Many of Mexico’s federal police officers roam the country bringing violence and murder to the towns where they stay while pillaging communities for food and generally oppressing their compatriots. They facilitate the drug trade as they ride with drug cartel members complicit with their actions, the book explains.
“The drug war is less about cocaine or marijuana than it is about social, economic, and territorial control,” writes Paley in Drug War Capitalism.
The drug war in Mexico has largely failed to stem or reduce the amount of cocaine that is trafficked into the U.S. every year.
“It started in Colombia, then Mexico and throughout Central America where the same pattern has emerged,” Paley told The Link. “In places where there is U.S. funding of a war on drugs, that actually leads to increased violence, increased foreign direct investment and increased militarization and paramilitarization of all these countries.”
There is evidence that U.S. private contractors have supplied training in torture methods to the Mexican police while the U.S. increases weapons exports. To a certain extent this is just the U.S. fuelling the demand for arms in order to stimulate their military industrial complex, Paley explains.
In Mexico, 7,000 people are unidentified in morgues, 27,000 people have gone missing since 2008, and 43 students that have recently disappeared are suspected to have been murdered on municipal police orders.
In the case of Mexico, Paley describes how Pemex, Mexico’s state-owned petroleum company, provides the Mexican government—a notoriously poor collector of taxes—with the funds for around 70 per cent of their annual budget.
Pemex pays 99 per cent of its profits each year to the government, which prevents the company from modernizing and expanding, says Paley.
With plans to open the country’s oil to foreign investors, the Atlantic Council, a Washington D.C.-based foreign policy think-tank says that “accelerated foreign investment will generally improve the lives of its people.”
The Atlantic Council’s Latin America research centre says the move would “transform Mexico into a major energy and industrial power” in a report early this year. But these predictions and the report were released before the oil crisis.
Pemex will be entering an oil market that has consistently fallen over the last months, and its privatization leaves a hole in government coffers.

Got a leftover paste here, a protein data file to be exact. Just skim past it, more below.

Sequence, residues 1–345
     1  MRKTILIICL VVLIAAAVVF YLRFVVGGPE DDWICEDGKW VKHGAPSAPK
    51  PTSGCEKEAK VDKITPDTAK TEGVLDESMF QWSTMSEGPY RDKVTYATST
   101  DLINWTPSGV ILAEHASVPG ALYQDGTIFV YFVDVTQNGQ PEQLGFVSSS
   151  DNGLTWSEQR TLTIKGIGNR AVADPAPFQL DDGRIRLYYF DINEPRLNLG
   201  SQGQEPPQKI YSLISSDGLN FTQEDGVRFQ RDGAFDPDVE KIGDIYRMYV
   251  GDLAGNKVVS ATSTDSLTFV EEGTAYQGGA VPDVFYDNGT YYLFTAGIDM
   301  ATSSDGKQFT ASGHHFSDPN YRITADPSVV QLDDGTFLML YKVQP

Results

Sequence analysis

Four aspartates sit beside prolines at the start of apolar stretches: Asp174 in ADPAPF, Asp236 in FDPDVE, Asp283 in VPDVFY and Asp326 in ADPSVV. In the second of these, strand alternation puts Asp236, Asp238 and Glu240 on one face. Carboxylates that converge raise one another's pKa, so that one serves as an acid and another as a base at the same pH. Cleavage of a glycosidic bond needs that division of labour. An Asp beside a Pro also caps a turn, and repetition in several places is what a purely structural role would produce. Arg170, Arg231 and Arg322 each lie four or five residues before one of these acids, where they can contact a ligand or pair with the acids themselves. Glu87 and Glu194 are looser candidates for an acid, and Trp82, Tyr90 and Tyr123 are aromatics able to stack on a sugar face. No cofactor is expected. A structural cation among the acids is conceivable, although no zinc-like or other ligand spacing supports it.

Fewer funds from Pemex increases Mexico’s reliance on U.S. funding for the war on drugs. To pacify the population, police and the military will expand their activities.
Paley provides readers of Drug War Capitalism with a unique journalistic perspective on the war on drugs and attempts to “reveal the tyranny at work.”
“These issues aren’t really being covered [by the mainstream Western media],” said Paley, who hopes that the book will inspire more people to take their research into different places and to continue a deeper analysis of the drug war.
“[The book] was partially inspired by the idea that people protest the Iraq War [and denounce] wars for oil,” Paley explained to The Link. “Why is it that the war on drugs [doesn’t] get protested in the same way?”
Proverbial shots were fired at CBC/Radio-Canada president Hubert Lacroix Wednesday during CBC’s Annual Public Meeting as employees fiercely voiced their discontent regarding budget cuts to the society. The cuts, announced a few weeks ago, have dismissed nearly 400 employees.
But the one who launched the most virulent of verbal attacks towards Lacroix came as a surprise: Charles Tisseyre, host of weekly science news program Découverte on Radio-Canada for over 20 years, gave a heartfelt outcry regarding the state of the public broadcaster following massive layoffs. Tisseyre has always been known as a calm, composed and well-spoken man of science, yet his intervention came with great fury.
His message was simple: youth in this business matter, and without youth, we can’t keep up with the ever-evolving media world. He was outraged by the fact that the compressions at CBC/RC affect particularly young employees.
“Both Radio-Canada and CBC, in their respective languages, form a fundamental institution in the Canadian landscape,” he told the assembly. “And this institution must be supported by governing powers.
“When La Presse invested in its digital remodelling, they invested $60 million to accomplish it,” he continued. “But what do we do for our digital remodelling? We cut!”
But what owed him a standing ovation from the crowd was a reference to adjustments to his own main TV opus.
“At Découverte we are currently remodelling ourselves—with limited means, mind you—to adapt to this new digital era. But at the same time, the bright young minds who should be the motor of this transition are being laid off!”
Tisseyre touches a very sensible chord. The cuts currently happening at CBC/RC are particularly affecting the new generation of journalists. I, for one, am uncertain of the future when I hear Concordia journalism students that graduated three years ago lost their jobs at CBC/RC less than two years after being hired.
I briefly spoke with Charles after the conference. He told me, on the bright side, that he’s very confident about the future of scientific journalism at Radio-Canada.
“It’s been, since its very foundation, the duty of CBC/RC to provide the public with scientific-oriented programming,” he said. “Although CBC/RC are not investing as much as us scientific journalists would need to efficiently transition our programming into a multimedia, digital platform, the feeling at 1400 Boulevard Rene-Levesque Est is that scientific journalism still has a well-deserved space within these walls.”
Tisseyre’s outcry is incredible motivation. For someone with such experience and wisdom to be speaking in the name of young journalists, it shows we are not alone in this fight.
Thank you, Mr. Tisseyre, for being our voice.